The March of Carinthia was a frontier district (march)of the Carolingian Empire created in 889. Before it was a march, it had been a principality or duchy ruled by native-born Slavic (or semi-Slavic) princes at first independently and then under Bavarian and subsequently Frankish suzerainty. The realm was divided into counties which, after the succession of the Carinthian duke to the East Frankish throne, were united in the hands of a single authority. When the march of Carinthia was raised into a Duchy in 976, a new Carinthian march (that is, a march defending the Carinthian duchy) was created. It became the later March of Styria.
In 745, Carantania, an independent Slavic principality, with the growth of the Avar threat, submitted to Odilo of Bavaria, himself a vassal of the Franks.With this, the Bavarian frontier was extended and Odilo's son, Tassilo III, began the Christianisation of the Slavic tribes beyond the Enns. In 788, Charlemagne fully integrated the territory of Carinthia (Carantania) into the Frankish Empire by making it a part of the extended Duchy of Friuli, along with the March of Istria. Under him, missionary work increased, especially through the Archdiocese of Salzburg.
Between 819 and 823, the native Slavic population supported Ljudevit Posavski in revolt against Frankish overlordship. — Carinthia and Lower Pannonia — were detached from the Italian kingdom and incorporated into Bavaria. Louis, King of Bavaria, reorganised Carinthia into Frankish counties soon after. The division of Carinthia may have occurred as early as before 819 or perhaps simultaneously with division of Friuli. Before this, the Carinthians were still ruled by native dukes. The new comital administration was mixed Bavarian-Slavic.In 827, the Bulgars attacked Carinthia and, in 828, Louis the Pious reorganised Friuli into four counties, the two northernmost of which
The territory remained within the Bavarian kingdom of Louis. In 855, Radbod, Prefect of the Ostmark was deposed for unfaithfulness and Rastislav of Moravia rebelled against East Frankish suzerainty.In place of Radbod, Louis appointed his eldest son Carloman (856). Carloman took control of the other eastern marches, Carinthia and Pannonia, and in 858 campaigned heavily against Rastislav, forcing him to come to terms. In 861, Pabo, margrave of Carinthia, rebelled with his counts and Carloman replaced him with Gundachar. In 863, Louis, fearing a filial rebellion, invaded Carinthia, Carloman's home base. Gundachar went over to the king with a large army he had been given to command the defence of the Schwarza. Consequently, Carloman was captured and deprived of his prefecture, which was bestowed on Gundachar.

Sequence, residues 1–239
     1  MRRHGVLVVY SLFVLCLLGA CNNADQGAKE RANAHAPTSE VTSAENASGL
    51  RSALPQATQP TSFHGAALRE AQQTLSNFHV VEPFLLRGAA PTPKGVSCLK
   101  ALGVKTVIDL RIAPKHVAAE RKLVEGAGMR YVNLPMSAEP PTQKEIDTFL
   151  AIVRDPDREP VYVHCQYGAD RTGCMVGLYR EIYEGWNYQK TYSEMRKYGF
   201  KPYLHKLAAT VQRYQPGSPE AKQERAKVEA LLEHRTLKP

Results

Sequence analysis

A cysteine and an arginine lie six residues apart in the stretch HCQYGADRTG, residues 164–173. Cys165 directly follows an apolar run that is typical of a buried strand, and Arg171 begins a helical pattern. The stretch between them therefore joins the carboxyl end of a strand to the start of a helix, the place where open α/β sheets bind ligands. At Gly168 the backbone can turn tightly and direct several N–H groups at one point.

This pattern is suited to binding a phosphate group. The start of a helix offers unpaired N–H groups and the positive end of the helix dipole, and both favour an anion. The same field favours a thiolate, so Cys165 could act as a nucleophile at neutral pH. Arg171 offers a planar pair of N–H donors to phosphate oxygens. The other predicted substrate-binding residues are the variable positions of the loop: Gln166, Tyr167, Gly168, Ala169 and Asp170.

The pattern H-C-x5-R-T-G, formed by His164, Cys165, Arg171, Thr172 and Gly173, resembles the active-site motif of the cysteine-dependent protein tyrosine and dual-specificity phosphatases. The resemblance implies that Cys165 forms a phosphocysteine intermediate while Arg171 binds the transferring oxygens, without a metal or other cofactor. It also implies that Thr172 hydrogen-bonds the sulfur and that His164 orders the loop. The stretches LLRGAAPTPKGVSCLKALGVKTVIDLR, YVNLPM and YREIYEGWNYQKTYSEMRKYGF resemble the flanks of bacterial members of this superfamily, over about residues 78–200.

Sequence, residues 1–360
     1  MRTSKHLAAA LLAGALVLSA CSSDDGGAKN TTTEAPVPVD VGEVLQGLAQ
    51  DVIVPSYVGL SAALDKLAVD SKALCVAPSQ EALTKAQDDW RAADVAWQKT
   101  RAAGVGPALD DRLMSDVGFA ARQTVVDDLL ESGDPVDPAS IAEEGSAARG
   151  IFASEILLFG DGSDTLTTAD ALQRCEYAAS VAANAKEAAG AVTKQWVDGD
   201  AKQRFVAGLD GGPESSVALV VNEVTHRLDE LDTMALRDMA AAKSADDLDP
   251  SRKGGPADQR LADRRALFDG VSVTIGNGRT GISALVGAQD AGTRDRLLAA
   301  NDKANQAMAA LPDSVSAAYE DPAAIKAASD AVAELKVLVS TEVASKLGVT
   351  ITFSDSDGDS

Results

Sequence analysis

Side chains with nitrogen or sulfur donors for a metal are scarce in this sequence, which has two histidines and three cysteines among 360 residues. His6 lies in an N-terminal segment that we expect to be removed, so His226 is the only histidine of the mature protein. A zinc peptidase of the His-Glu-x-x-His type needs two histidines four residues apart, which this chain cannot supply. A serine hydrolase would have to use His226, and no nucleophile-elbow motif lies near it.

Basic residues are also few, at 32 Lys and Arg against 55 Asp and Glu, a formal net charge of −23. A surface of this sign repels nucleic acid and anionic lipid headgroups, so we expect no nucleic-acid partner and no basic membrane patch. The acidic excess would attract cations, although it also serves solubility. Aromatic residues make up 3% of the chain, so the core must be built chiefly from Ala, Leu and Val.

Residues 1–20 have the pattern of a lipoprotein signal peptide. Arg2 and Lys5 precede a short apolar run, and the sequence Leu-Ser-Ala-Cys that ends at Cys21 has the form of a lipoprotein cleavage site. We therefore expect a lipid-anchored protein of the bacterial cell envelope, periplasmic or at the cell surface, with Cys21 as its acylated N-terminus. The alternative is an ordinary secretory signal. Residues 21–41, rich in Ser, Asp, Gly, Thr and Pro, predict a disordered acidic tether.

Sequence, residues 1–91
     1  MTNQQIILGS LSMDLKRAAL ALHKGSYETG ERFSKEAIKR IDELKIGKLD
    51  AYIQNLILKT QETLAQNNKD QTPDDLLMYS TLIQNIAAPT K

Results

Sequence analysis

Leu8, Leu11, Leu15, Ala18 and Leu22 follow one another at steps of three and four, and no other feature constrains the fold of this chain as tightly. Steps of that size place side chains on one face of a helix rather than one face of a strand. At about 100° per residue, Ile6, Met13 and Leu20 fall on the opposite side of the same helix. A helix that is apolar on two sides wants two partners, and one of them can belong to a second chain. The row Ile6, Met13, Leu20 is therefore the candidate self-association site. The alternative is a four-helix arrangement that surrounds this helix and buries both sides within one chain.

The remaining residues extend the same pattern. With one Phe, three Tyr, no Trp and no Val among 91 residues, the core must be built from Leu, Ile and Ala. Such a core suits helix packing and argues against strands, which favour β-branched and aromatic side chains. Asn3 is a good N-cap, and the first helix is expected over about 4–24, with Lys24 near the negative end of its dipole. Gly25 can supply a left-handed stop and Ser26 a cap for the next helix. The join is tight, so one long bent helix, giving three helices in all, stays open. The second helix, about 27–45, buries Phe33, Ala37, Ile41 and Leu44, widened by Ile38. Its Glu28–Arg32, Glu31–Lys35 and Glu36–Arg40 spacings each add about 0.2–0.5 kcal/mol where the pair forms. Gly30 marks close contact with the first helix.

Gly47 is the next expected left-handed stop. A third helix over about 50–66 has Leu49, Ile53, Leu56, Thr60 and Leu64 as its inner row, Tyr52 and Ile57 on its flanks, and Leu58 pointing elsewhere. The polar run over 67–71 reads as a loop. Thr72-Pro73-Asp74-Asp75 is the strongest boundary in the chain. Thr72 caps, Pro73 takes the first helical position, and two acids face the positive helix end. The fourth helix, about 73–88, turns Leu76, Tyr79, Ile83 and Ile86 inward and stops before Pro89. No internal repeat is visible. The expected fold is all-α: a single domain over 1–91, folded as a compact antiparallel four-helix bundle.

When Carloman reconciled with his father and was created King of Bavaria, he granted Carinthia to his son by a Carinthian concubine, Arnulf. Arnulf kept his seat at Moosburg (Mosapurc) and the Carinthians treated him as their native duke. After Carloman was incapacitated by a stroke in 879, Louis the Younger inherited Bavaria and confirmed Arnulf in Carinthia by an agreement with Carloman. Bavaria, however, was ruled more or less by Arnulf.Arnulf had ruled Bavaria during the summer and autumn of 879 while his father arranged his succession and he himself was granted "Pannonia," in the words of the Annales Fuldenses , or "Carantanum," in the words of Regino of Prüm.
After he in turn became King of all East Francia, Arnulf created a march of Carinthia. Alongside it were the marches of Istria, Austria, and Carniola. The southernmost marches, Carinthia and Carniola, were especially susceptible to Magyar raids. In 901, just two years after their first contact with western Europe, Carinthia was ravaged by the Magyars.In 952, Carinthia was placed under the Duchy of Bavaria, as were Carniola, Istria, and Friuli.
The march's major cities were Friesach and Villach. In the tenth century, — though many counts are known — is Markward III, who was a preses de Carinthia.a so-called Carantanian march (called the "march of Carinthia" because it was the march [i.e. frontier district] of the new Carinthian duchy) broke off from Carinthia. The Carantanian march was later to become the Duchy of Styria. The only known Carinthian margrave from this period
In 976, the Emperor Otto II made his nephew Otto I Duke of Bavaria and separated the Carinthian march and the other marches from the duchy. He made Carinthia a duchy for the Liutpoldinger Henry, who acted as a sort of "chief of the border police," controlling Istria, Friuli, and Carniola.